At times we tend to think of prayer only as calm, meditative devotion. But praying is often born out of sheer necessity. We face ruin and have nowhere to turn. We stand at the brink, and the cry simply erupts: “Help!”

by Winn Collier

Christ Our Passover

“And the blood shall be to you for a token upon the houses where ye are: and when I see the blood, I will pass over you, and the plague shall not be upon you to destroy you, when I smite the land of Egypt.” (Exodus 12:13)

The Jews of the world have been keeping their annual Feast of the Passover for almost 3,500 years, fulfilling the ancient prophecy: “And ye shall observe this thing for an ordinance to thee and to thy sons for ever” (Exodus 12:24). This was the beginning of the nation of Israel, when they left Egyptian slavery behind and started their trek to the Promised Land. The lamb had been slain and eaten, its blood placed on the door posts, and the Lord had spared all their firstborn sons when the Destroyer passed through the land of Egypt.

The feast was intended not only to memorialize the ancient deliverance, but also to anticipate the coming day when the “Lamb of God” would take “away the sin of the world” (John 1:29). The night before Christ was crucified, He told His disciples, “With desire I have desired to eat this passover with you before I suffer: For I say unto you, I will not any more eat thereof, until it be fulfilled in the kingdom of God” (Luke 22:15-16).

Thereupon, the Lord established His Supper, which Christians will continue to observe to “shew the Lord’s death till he come” (1 Corinthians 11:26). He fulfilled all that the Passover prophesied when He shed His blood on the cross, “for even Christ our passover is sacrificed for us: Therefore let us keep the feast, . . . with . . . sincerity and truth” (1 Corinthians 5:7-8).

Now we look forward to an even greater supper when Christ returns, for the promise is this to all who believe: “Blessed are they which are called unto the marriage supper of the Lamb” (Revelation 19:9). HMM

Thou shalt keep the commandments of the Lord thy God, to walk in His ways

Thou shalt keep the commandments of the Lord thy God, to walk in His ways.—Deuteronomy 8:6.
And it came to pass, that, as they went, they were cleansed.— Luke 17:14.

GOD calls us to duty, and the only right answer is obedience. If it can be glad and willing and loving obedience, happy are we; but, in any case, whether we ourselves get enjoyment and blessing from the task or not, the call must be obeyed. The will of God must be done for the sake of God, not for the sake of ourselves. Undertake the duty, and step-by-step God will provide the disposition. We can at least obey. Ideal obedience includes the whole will and the whole heart. We cannot begin with that. But we can begin with what we have, God calls. It is better to obey blunderingly than not to obey at all.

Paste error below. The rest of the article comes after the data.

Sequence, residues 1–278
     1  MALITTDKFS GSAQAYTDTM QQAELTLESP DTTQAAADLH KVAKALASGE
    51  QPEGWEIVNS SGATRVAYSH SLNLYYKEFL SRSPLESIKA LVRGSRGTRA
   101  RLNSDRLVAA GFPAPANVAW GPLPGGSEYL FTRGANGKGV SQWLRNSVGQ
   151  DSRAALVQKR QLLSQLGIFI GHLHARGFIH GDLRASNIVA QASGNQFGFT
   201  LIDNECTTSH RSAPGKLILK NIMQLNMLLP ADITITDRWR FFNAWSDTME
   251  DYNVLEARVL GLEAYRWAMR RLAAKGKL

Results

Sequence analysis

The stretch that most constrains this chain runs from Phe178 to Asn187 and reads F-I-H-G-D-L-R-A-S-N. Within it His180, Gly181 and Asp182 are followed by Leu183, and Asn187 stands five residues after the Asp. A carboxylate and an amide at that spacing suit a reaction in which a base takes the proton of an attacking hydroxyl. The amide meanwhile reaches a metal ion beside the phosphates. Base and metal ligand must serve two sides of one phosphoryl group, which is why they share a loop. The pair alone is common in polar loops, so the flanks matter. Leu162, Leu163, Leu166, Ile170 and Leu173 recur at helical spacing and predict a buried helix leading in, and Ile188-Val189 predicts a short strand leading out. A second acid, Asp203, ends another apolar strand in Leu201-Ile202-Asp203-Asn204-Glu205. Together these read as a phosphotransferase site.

The test of love is not feeling, but obedience. WILLIAM BERNARD ULLATHORNE.

If one fights for good behavior, God makes one a present of the good feelings. JULIANA H. EWING.

Draw me, we will run after thee

Draw me, we will run after thee. Song of Songs 1:4

I have loved thee with an everlasting love: therefore with lovingkindness have I drawn thee. — I drew them with cords of a man, with bands of love. — I, if I be lifted up from the eaith, will draw all men unto me. — Behold the Lamb of God. — As Moses lifted up the serpent in the wilderness, even so must the Son of man be lifted up: that whosoever believeth in him should not perish, but have eternal life.

Whom have I in heaven but thee? and there is none upon earth that I desire beside thee. — We love him, because he first loved us.

My beloved spake, and said unto me, Rise up, my love, my fair one, and come away. For, lo, the winter is past, the rain is over and gone; the flowers appear on the earth; the time of the singing of birds is come, and the voice of the turtle is heard in our land; the fig tree putteth forth her green figs, and the vines with the tender grape give a good smell. Arise, my love, my fair one, and come away.

Jeremiah 31:3. Hosea 11:4. John 12:32. John 1:36. John 3:14,15. Psalm 73:25. 1 John 4:19. Song of Songs 2:10-13.

Whoso offereth praise glorifieth me

Whoso offereth praise glorifieth me. Psalm 50:23

Let the word of Christ dwell in you richly in all wisdom; teaching and admonishing one another in psalms and hymns and spiritual songs, singing with grace in your hearts to the Lord. And whatsoever ye do in word or deed, do all in the name of the Lord Jesus, giving thanks to God and the Father by him. — Glorify God in your body, and in your spirit, which are God’s.

Ye are a royal priesthood … that ye should shew forth the praises of him who hath called you out of darkness into his marvelous light. — Ye … as lively stones, are built up a spiritual house, a holy priesthood, to offer up spiritual sacrifices, acceptable to God by Jesus Christ. — By him … let us offer the sacrifice of praise to God continually, that is, the fruit of our lips, giving thanks to his name.

My soul shall make her boast in the LORD: the humble shall hear thereof, and be glad. O magnify the LORD with me, and let us exalt his name together.

Colossians 3:16,17. 1 Corinthians 6:20. 1 Peter 2:9. 1 Peter 2:5. Hebrews 13:15. Psalm 34:2,3.